2023 Subaru Solterra: EV meets PHEV

The 2023 Subaru Solterra doesn’t have 500 horsepower or 300 miles of range. It cannot recharge in 15 minutes or power your home as a backup generator. There’s no frunk, and it won’t knock you over with outrageous specs or design. We’d consider it a late call if it weren’t for its off-road acumen, which makes it rather unique among mainstream EVs. Sure, you can glaze your shrimp in the trunk of a Ford Mustang Mach-E, and you can power your fridge with a Kia EV6. But you wouldn’t want to take either of these crossovers too far off the beaten path. The Solterra, on the other hand, is like most Subarus: clearance for some trail work. It’s only a matter of time before we start seeing them treated with the official Crosstrek starter kit, donning a two-inch suspension lift and a set of BFGoodrich KO2s.

As with its BRZ coupe, Subaru co-developed the Solterra with Toyota, which has a counterpart named bZ4x. But the Solterra and the bZ4x diverge more than the BRZ and its Toyota GR86 twin, notably in the fact that the Solterra is only offered with all-wheel drive, which is in keeping with the Subaru philosophy; the bZ4x offers a variant with less front-wheel drive. With 8.3 inches of ground clearance, decent approach and departure angles, and 19.7 inches of fording ability, the Solterra should be happy enough to haul your mountain bikes to the start of the trail. path. Or take your kayak to the set up, or take your big goofy pooch to this dog park accessible only by a rutted forest road. You won’t want to get carried away too much, but we took it on some ORV trails in Arizona and it acquitted itself surprisingly well, climbing hills steep enough that you had to use the forward-facing camera to see over blind ridges.

Like Subaru’s rugged Wilderness models, the Solterra features a dual-function X-Mode system to match its power to the situation, allowing wheelspin in sand, for example. It also offers brake-based torque vectoring to send power to its axles, mimicking the action of locking differentials, so you can put both corners of the car in the air while still moving forward. . Subaru demonstrated this talent on a set of cleverly laid out ramps, claiming they had wanted to bring competitive vehicles to illustrate the Solterra advantage, but – humble alert! – none of them had enough space in front to climb the ramps.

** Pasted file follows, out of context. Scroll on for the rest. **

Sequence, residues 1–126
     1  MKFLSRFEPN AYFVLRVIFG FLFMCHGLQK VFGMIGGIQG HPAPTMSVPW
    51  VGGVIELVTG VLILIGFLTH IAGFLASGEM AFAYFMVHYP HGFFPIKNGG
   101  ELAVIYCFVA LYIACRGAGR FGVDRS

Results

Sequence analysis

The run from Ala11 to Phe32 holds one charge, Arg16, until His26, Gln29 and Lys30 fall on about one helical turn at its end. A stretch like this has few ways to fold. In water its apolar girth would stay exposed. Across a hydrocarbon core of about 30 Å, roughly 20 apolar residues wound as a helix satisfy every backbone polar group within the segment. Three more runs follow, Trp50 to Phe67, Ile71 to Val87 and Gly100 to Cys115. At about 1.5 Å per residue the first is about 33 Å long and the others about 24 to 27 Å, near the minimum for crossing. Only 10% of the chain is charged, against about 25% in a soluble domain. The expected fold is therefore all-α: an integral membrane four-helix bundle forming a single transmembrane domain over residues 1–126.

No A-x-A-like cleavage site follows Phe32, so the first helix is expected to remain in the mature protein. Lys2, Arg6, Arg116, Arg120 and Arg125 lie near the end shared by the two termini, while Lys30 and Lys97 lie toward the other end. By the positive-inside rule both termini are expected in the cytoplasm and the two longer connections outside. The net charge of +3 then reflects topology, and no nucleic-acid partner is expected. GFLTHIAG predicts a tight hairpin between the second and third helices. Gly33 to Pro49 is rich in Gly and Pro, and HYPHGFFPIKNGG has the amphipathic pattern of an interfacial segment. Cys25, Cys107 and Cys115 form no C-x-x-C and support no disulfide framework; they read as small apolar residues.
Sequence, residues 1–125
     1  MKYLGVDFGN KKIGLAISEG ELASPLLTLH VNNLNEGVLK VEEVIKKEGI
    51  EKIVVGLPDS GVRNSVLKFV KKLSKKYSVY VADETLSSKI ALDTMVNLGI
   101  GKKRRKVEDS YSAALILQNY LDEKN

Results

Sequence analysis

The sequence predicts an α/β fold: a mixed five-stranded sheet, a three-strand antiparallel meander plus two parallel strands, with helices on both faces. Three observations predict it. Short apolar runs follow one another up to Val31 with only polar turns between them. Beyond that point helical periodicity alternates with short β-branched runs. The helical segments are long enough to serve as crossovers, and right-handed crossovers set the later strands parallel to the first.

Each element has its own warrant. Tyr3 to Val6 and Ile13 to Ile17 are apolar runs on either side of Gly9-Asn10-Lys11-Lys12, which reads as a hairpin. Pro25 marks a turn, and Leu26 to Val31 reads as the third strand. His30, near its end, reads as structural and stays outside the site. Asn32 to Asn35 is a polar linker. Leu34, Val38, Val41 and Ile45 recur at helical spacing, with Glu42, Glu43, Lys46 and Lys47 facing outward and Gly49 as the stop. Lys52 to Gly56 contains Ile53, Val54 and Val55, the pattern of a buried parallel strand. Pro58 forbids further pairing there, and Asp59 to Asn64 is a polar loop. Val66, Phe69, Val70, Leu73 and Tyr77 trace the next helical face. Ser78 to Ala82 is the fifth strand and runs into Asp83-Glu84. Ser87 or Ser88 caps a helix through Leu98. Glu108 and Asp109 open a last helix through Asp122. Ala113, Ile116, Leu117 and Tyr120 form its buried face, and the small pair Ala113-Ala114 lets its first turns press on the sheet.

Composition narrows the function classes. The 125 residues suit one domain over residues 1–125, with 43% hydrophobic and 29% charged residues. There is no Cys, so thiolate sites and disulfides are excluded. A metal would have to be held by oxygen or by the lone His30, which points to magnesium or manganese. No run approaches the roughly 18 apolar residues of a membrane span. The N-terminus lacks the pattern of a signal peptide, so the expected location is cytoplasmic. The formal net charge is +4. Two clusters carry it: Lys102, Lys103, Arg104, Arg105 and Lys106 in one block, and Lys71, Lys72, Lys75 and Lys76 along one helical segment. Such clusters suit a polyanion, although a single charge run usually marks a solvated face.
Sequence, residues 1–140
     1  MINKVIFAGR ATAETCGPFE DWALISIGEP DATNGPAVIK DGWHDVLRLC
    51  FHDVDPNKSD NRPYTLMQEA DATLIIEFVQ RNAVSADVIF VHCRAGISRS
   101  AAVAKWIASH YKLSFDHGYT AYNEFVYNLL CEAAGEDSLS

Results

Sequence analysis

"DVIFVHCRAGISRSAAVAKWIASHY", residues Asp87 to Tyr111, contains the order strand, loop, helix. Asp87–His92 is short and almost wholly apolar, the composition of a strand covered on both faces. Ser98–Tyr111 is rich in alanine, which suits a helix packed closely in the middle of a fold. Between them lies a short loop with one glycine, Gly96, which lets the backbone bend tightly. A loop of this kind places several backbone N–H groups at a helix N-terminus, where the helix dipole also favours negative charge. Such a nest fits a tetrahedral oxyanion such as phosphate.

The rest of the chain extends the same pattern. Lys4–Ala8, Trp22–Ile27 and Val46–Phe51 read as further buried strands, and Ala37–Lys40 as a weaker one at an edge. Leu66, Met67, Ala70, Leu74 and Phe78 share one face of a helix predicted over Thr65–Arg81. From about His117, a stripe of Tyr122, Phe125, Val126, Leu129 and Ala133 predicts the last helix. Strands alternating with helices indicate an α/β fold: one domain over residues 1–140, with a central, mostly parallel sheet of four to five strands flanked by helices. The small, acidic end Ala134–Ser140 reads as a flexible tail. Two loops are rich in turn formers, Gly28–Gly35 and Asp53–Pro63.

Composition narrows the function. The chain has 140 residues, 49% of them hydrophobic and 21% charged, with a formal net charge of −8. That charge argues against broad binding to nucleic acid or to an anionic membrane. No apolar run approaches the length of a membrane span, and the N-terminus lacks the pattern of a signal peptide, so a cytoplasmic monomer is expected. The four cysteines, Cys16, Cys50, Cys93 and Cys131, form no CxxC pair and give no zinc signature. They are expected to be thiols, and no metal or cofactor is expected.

The Solterra’s two motors generate a total of 218 horsepower and 249 pound-feet of torque, good for a claimed 60-mph time of 6.5 seconds. That’s believable, as acceleration is similar to an Outback XT, which hits 60 mph in 6.3 seconds. This car clearly belongs to the Outback/Crosstrek branches of the Subaru family tree rather than the WRX sect, although it would be easy enough to fit bigger engines and nudge it in a sportier direction. Despite the absolute lack of muscle, the Solterra can route 60 percent of its torque to the rear, which makes it playful at times. You can also disable the stability control system entirely, which opens up possibilities for rally car antics on gravel or snow. We’ve confirmed that the Solterra is happy to tear up a donut.